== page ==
This track keeps up a pace similar to the last song, sparse yet brisk, as a sense of regret settles into a minor-key melody. Though Sufjan’s vocals barely rise above a whisper for the first half of it, I’m captivated right away by the colorful twists and turns. His mixed feelings over the touch-and-go relationship he had with his mother since his childhood well up here, as he remembers being very young and being abandoned at the video store, which is an interesting thing to remember in light of his song “Romulus” and its verse about being looked after by their grandfather and watching a heck of a lot of VHS tapes – perhaps he hoped he’d see her again when they stopped off to return the rentals? This is contrasted with his attempts to communicate with her as an adult, where he realizes he’s been the one keeping the relationship at a distance, wanting to call her or write a letter to explain his feelings, but stopping short of doing so and then eventually realizing he’s barely got any time left to work things out. The song meanders its way through obscure references to Oregon geography and other various mementos of the precious time they were able to spend together, and I think it stumbles across a bit of hope in its second half, when he brings in keyboards, a bit of light percussion and a slightly subdued version of the “exuberant makeshift choir” he’s employed more heavily on other albums. Oh yeah, and his trusty banjo shows up again. That’s always a plus! Here he finds the courage to continue on despite his despair, taking comfort in the way life goes on around him, particularly with the birth of his brother’s daughter. At times the song feels all over the place in terms of the moods and experiences he’s trying to pull together, but then that’s fitting for a man trying to cobble together reasons to feel at peace about his life in the midst of great turmoil.
3. All of Me Wants All of You
Despite the similar instrumentation on most of this album’s tracks, the syncopated guitar strumming in this song is so definitive that it immediately stands out as one of those songs you can hear once and not easily forget. That doesn’t mean it’s an easy or terribly comforting song to listen to, as this is when the self-destructive tendencies begin to surface. Sufjan was apparently in some sort of a relationship during the time period this song covers, but he wasn’t really letting the person in, just sort of off brooding by himself, interacting with his lover like two ships passing in the night. Right there in the first verse, things reach a “too much information” level of ugliness as he admits, “You checked your texts while I masturbated.” While my initial reaction was “Jeez man, I really didn’t need to know that about you”, I think it fits into the overall theme of wanting a deeper relationship but being too afraid of your own feelings (or perhaps just too self-absorbed) to really pursue it. He’s taking the easy way out with his lover here; in the previous song he regretted taking the easy way out with his mother.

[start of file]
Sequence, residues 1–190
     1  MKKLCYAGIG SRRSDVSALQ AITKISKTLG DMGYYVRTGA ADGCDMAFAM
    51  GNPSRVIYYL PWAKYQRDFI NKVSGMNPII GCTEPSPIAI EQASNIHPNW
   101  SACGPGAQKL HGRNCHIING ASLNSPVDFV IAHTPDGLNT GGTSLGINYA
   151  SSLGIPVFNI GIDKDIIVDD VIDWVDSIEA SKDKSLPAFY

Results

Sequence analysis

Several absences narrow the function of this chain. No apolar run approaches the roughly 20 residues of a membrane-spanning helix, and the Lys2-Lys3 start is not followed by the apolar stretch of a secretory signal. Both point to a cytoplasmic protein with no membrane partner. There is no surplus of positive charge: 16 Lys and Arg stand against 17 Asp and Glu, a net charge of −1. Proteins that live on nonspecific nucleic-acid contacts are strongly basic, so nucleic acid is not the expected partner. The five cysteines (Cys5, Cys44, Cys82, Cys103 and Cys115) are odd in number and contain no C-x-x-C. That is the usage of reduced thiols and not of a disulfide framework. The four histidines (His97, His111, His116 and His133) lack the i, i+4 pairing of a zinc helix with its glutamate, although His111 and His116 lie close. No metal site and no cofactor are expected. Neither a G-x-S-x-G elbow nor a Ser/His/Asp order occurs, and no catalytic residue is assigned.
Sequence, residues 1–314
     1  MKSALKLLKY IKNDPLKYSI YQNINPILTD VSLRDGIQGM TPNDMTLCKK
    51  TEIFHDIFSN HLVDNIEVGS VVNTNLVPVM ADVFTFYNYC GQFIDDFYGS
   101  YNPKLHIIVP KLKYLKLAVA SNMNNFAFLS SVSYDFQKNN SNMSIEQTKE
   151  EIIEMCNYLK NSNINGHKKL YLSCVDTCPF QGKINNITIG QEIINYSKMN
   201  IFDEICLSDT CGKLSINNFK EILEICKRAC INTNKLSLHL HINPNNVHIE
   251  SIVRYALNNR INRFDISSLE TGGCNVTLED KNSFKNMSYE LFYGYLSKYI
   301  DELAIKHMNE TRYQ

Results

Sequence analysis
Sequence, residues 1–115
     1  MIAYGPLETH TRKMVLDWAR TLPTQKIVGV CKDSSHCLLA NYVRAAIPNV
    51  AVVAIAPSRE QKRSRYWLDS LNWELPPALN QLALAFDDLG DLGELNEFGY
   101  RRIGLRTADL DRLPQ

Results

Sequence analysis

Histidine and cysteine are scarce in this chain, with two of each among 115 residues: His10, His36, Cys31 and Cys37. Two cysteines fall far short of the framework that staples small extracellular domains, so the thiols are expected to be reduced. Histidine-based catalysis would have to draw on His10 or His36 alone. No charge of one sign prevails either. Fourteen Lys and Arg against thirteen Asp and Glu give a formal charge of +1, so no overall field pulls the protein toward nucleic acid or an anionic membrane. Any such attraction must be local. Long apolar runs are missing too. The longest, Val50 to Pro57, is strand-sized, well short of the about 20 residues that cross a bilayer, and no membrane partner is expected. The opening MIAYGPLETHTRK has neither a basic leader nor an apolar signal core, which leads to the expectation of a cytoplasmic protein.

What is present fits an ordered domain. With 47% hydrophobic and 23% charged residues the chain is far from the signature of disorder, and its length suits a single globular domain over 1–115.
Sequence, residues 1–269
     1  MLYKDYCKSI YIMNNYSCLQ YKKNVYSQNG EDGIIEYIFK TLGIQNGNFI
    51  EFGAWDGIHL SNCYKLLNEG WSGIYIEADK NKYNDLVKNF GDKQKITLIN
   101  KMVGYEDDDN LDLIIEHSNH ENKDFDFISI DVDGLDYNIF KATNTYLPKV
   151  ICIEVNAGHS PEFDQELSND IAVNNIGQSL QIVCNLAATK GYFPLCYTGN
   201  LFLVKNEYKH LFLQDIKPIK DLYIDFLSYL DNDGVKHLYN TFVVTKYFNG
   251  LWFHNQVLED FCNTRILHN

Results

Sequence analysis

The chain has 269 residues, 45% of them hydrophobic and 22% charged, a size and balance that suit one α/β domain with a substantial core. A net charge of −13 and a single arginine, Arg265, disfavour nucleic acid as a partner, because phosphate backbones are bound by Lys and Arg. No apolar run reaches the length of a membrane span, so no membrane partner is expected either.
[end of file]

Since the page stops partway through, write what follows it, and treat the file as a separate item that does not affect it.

4. Drawn to the Blood
On the flipside, this seems to be the one song that I keep forgetting about. Something about its staccato guitar strumming that doesn’t really change dynamics throughout a relatively short song makes it just sort of lazily float on by me. There isn’t a strong sense of rhythm to it, so the verses and refrain just sort of roll on lazily into one another until the song abruptly segues into another one of those serene ambient passages. I get the sense that Sufjan’s trying to confront his self-destructive tendencies here, realizing that even though he wants love and family and community and all those good things, he has this weird obsession with pain and suffering and discord that leads to angry confrontations with people and perhaps even bouts of self-harm. The questions at the end of the song are poignant ones – “What did I do to deserve this now? How did this happen?” He’s turning into a man he doesn’t recognize. I just wish the song did more to give these questions to gravity that they deserve.